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Bundled Care Models Have Some Savings, Not Associated With a Drop in Quality of Care

According to a Jan. 8, 2020 blog article in PT in Motion, two new studies of bundled care models used by the Centers for Medicare and Medicaid Services (CMS) conclude that, at least for lower extremity joint replacement (LEJR), bundling is the answer. These studies make indicate that while the savings achieved through some bundled care models may not be dramatic, savings do exist but aren’t associated with a drop in quality of care.

Taking a Look at Bundled Care Models

These studies, published in January 2020 issue of Health Affairs, take different approaches to examining the effectiveness of bundling programs mostly associated with CMS’ voluntary Bundled Payments for Care Improvement (BPCI) initiative: one was a systematic review that analyzed existing research on the programs, while the other took a look at hospitals data that did and did not participate in BCPI ) over a three-year period. The researchers say that the study’s conclusions, however, had much in common.

These study’s findings indicate that bundled care models for LEJR seem to be lowering overall costs without sacrificing quality, say the researchers.

The researchers found that the systematic review of data revealed that most studies that evaluated spending recorded decreases in overall post-acute care spending of between $591 and $1,960, while the hospital data researchers identified an average 1.6 percent decrease in episode spending for LEJR, that’s about $377 per patient.

But the researchers noted that neither study uncovered evidence of reduced quality outcomes, with the hospital study finding variances between BPCI and non-BPCI care for LEJR of less than 2 percent. They found that, if anything, research indicates that bundled care tends to lead to lower rates of hospital readmission, a datapoint strongly associated with quality.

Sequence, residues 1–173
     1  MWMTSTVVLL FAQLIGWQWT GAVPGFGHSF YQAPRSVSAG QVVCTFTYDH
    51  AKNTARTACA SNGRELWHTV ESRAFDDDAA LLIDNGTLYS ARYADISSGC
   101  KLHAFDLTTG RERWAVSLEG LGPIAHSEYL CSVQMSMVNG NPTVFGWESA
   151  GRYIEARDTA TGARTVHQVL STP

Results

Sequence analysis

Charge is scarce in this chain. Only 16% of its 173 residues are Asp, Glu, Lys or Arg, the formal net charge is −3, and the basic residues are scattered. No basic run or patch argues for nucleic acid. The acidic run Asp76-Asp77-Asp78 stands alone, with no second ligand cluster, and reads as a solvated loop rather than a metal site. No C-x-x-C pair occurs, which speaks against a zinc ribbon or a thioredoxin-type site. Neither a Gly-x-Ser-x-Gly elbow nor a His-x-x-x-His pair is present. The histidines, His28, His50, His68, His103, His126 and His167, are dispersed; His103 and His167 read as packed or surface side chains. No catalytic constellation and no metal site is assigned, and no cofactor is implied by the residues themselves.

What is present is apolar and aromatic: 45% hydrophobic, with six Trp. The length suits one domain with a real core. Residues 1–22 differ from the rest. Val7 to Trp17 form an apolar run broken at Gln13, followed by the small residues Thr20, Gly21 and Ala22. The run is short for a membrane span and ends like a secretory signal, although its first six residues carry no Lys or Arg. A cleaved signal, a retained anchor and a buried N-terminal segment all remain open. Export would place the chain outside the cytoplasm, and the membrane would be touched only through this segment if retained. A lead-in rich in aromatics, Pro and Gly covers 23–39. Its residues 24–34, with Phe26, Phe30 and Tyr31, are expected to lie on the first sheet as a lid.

However a review of these two studies did find some differences. The hospital data researchers focused solely on LEJR data, which they describe as the most common procedure associated with BPCI, while the systematic review included a bundled care model for a range of procedures. In the end, they found that bundled payment “has yet to demonstrate [benefits similar to those associated with LEJR bundling] for other clinical episodes,” including spinal fusion, shoulder arthroplasty, and cardiac surgery. Another difference between the studies: The systematic review included data from CMS’ Comprehensive Care Joint Replacement (CJR) model mandated for use in some 450 facilities across the country; the hospital data review excluded CJR facilities.

Here Are Some Take Aways

Each study offered its own takeaways, too, noted the researchers. The systematic review emphasized the effectiveness of bundling for LEJR and suggested that CMS “scale up” its bundling programs in those areas, while cautioning that more work needs to be done on bundling programs for other procedures, especially those that tend to be associated with higher baseline patient complexity. The hospital data study, focused on LEJR only, found that most of the savings associated with bundling came from early adopters (which maintained their savings over time), and less so from facilities that joined later, which “may have been less able to influence episode spending.” But that study also acknowledged that while voluntary bundling models may be subject to cherry-picking of less complex patients, data revealed that “it does not fully account for associated savings.”

 

 

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